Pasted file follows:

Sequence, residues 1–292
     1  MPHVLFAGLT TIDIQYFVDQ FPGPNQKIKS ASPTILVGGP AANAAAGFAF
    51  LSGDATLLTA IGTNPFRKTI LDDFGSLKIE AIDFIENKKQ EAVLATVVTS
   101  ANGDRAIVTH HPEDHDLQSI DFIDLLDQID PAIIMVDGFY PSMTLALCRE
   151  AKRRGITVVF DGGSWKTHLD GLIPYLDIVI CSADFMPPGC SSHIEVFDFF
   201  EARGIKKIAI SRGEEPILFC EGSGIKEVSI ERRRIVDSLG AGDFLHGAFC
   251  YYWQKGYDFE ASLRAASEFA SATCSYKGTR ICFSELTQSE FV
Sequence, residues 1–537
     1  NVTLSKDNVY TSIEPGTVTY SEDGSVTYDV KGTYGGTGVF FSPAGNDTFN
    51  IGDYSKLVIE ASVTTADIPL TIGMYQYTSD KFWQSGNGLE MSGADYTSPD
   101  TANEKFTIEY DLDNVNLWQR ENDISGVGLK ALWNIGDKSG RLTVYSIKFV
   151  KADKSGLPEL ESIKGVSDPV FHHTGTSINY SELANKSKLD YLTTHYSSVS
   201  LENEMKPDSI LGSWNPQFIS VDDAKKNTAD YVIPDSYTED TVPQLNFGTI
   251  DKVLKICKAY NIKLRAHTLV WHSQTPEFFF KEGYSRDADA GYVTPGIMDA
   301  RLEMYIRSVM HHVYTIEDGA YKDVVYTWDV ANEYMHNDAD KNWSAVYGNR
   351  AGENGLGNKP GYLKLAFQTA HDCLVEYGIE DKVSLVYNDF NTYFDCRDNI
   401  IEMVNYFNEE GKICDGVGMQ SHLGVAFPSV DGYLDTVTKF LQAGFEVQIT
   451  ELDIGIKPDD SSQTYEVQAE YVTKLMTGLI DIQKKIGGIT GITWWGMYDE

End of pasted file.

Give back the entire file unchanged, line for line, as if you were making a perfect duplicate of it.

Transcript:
Sequence, residues 1–292
     1  MPHVLFAGLT TIDIQYFVDQ FPGPNQKIKS ASPTILVGGP AANAAAGFAF
    51  LSGDATLLTA IGTNPFRKTI LDDFGSLKIE AIDFIENKKQ EAVLATVVTS
   101  ANGDRAIVTH HPEDHDLQSI DFIDLLDQID PAIIMVDGFY PSMTLALCRE
   151  AKRRGITVVF DGGSWKTHLD GLIPYLDIVI CSADFMPPGC SSHIEVFDFF
   201  EARGIKKIAI SRGEEPILFC EGSGIKEVSI ERRRIVDSLG AGDFLHGAFC
   251  YYWQKGYDFE ASLRAASEFA SATCSYKGTR ICFSELTQSE FV
Sequence, residues 1–537
     1  NVTLSKDNVY TSIEPGTVTY SEDGSVTYDV KGTYGGTGVF FSPAGNDTFN
    51  IGDYSKLVIE ASVTTADIPL TIGMYQYTSD KFWQSGNGLE MSGADYTSPD
   101  TANEKFTIEY DLDNVNLWQR ENDISGVGLK ALWNIGDKSG RLTVYSIKFV
   151  KADKSGLPEL ESIKGVSDPV FHHTGTSINY SELANKSKLD YLTTHYSSVS
   201  LENEMKPDSI LGSWNPQFIS VDDAKKNTAD YVIPDSYTED TVPQLNFGTI
   251  DKVLKICKAY NIKLRAHTLV WHSQTPEFFF KEGYSRDADA GYVTPGIMDA
   301  RLEMYIRSVM HHVYTIEDGA YKDVVYTWDV ANEYMHNDAD KNWSAVYGNR
   351  AGENGLGNKP GYLKLAFQTA HDCLVEYGIE DKVSLVYNDF NTYFDCRDNI
   401  IEMVNYFNEE GKICDGVGMQ SHLGVAFPSV DGYLDTVTKF LQAGFEVQIT
   451  ELDIGIKPDD SSQTYEVQAE YVTKLMTGLI DIQKKIGGIT GITWWGMYDE